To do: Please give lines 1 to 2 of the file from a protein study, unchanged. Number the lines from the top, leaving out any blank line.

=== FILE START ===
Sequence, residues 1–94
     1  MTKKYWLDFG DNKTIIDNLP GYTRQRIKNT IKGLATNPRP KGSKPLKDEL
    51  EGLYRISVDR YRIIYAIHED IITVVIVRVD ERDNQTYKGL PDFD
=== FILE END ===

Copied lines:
Sequence, residues 1–94
     1  MTKKYWLDFG DNKTIIDNLP GYTRQRIKNT IKGLATNPRP KGSKPLKDEL